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Jalex Builders, Inc. v. Monaghan

Supreme Court of Rhode Island
Jan 29, 2004
840 A.2d 1142 (R.I. 2004)


No. 2003-59-Appeal

January 29, 2004

Mark A. McSally, for Plaintiff.

James Moretti, Cranston, for Defendant.

Present: Williams, C.J., Flanders, Goldberg, Flaherty and Suttell, JJ.


After a nonjury trial, the plaintiff, Jalex Builders, Inc. (plaintiff), appeals from a judgment in favor of the defendant, Janet F. Monaghan (defendant). This case came before the Supreme Court for oral argument on October 29, 2003 pursuant to an order directing the parties to appear and show cause why the issues raised in this appeal should not summarily be decided. After hearing the arguments of counsel and examining the memoranda filed by the parties, we are of the opinion that cause has not been shown, and proceed to decide the appeal at this time. We affirm the judgment of the Superior Court.

I Facts and Travel

This dispute arises from a contract calling for plaintiff to construct a single-family dwelling for defendant in the town of Jamestown. The defendant was to pay plaintiff $155,503, plus the cost of any "extras." The defendant, however, was dissatisfied with plaintiff's work and, therefore, withheld her final payment of $14,217.83 due under the contract. The plaintiff thereafter filed an action against defendant for breach of contract. The defendant counterclaimed for defective workmanship, and the case went to a jury-waived trial before the Superior Court.

In his decision, the trial justice notes that "many small extras * * * were added to the project." According to plaintiff, defendant requested these items, which were not included in the contract. Thus, plaintiff claimed that defendant owed money for these "extras" in addition to what defendant already owed under the construction contract. The trial justice does not describe these "extras."

The trial justice found that plaintiff was entitled to recover for work performed under the contract, including "extras," in the amount of $38,567.08. The trial justice, however, also found that certain aspects of plaintiff's work were defective, and that the damages resulting from this totaled $58,730. Offsetting those amounts against each other, the trial justice entered judgment of $20,162.92 for defendant, plus prejudgment interest. The plaintiff appeals, arguing that the trial justice erred in finding his work defective and in calculating the damages.

II Failure to Move for New Trial

The defendant argues that the trial justice's determinations of credibility and factual findings are not reviewable on appeal because plaintiff failed to move for a new trial. To support this argument, defendant cites Gramolini v. Markzalkowski, 102 R.I. 85, 88, 228 A.2d 537, 538 (1967) and A.R. Alvernas, Inc. v. Cohen, 420 A.2d 78, 80 (R.I. 1980). Both those cases hold that "when a party fails to [file] a motion for a new trial after a jury verdict and then proceeds to challenge the validity of the verdict by appealing directly to this [C]ourt, we do not * * * pass on the credibility of the testimony or the weight of the evidence." A.R. Alvernas, Inc., 420 A.2d at 80; see also Gramolini, 102 R.I. at 88, 228 A.2d at 538. The trials in both of these cases, however, were jury trials. In a jury trial, the jury, rather than the trial justice, passes on credibility and makes findings of fact; therefore, a motion for a new trial gives the trial justice his or her only opportunity to make such determinations. State v. Werner, 831 A.2d 183, 205 (R.I. 2003). Conversely, a justice in a nonjury trial does make determinations of credibility and findings of fact. Bogosian v. Bederman, 823 A.2d 1117, 1120 (R.I. 2003). As a result, a motion for a new trial is not necessary to give the trial justice an opportunity to make such findings. Gramolini and Alvernas are, therefore, inapplicable here.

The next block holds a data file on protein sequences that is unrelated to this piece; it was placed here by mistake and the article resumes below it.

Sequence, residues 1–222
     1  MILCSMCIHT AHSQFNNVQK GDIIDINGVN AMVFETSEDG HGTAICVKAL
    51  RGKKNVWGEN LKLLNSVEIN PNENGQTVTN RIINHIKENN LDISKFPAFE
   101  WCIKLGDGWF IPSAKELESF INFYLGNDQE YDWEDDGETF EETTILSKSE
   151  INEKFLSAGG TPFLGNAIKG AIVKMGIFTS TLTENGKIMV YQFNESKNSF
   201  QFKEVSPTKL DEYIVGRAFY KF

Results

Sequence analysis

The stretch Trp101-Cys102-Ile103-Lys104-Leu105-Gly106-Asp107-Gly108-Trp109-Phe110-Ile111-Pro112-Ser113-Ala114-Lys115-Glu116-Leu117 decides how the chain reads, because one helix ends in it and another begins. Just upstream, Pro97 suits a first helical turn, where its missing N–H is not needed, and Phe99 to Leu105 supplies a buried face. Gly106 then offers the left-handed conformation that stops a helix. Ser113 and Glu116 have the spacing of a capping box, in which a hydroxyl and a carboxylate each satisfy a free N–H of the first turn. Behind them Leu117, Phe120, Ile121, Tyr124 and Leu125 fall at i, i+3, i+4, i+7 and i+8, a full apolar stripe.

Moreover, in a nonjury trial a motion for a new trial is limited to the grounds of newly discovered evidence or manifest errors of law. Bernier v. Lombardi, 793 A.2d 201, 202 (R.I. 2002) (per curiam). Neither party alleges that any new evidence has been discovered or that manifest errors of law have been committed; thus, plaintiff had no basis for filing such a motion. Consequently, the fact that plaintiff did not file a motion for a new trial does not bar a challenge to the trial justice's determinations of credibility and findings of fact.

III Findings of the Trial Justice

"It is well settled that the findings of fact of a trial justice sitting without a jury are given great deference by this [C]ourt." American Express Travel Related Services v. Savage, 706 A.2d 1345, 1347 (R.I. 1998) (mem.). "[I]t is not the function of this [C]ourt to weigh the credibility of the witnesses."Bogosian, 823 A.2d at 1120 (quoting State v. Sparks, 667 A.2d 1250, 1251 (R.I. 1995) (per curiam)). Moreover, we "will not disturb a trial justice's findings of fact [or] credibility determinations unless [the trial justice] overlooked or misconceived material evidence or was otherwise clearly wrong."Zaino v. Zaino, 818 A.2d 630, 638 (R.I. 2003).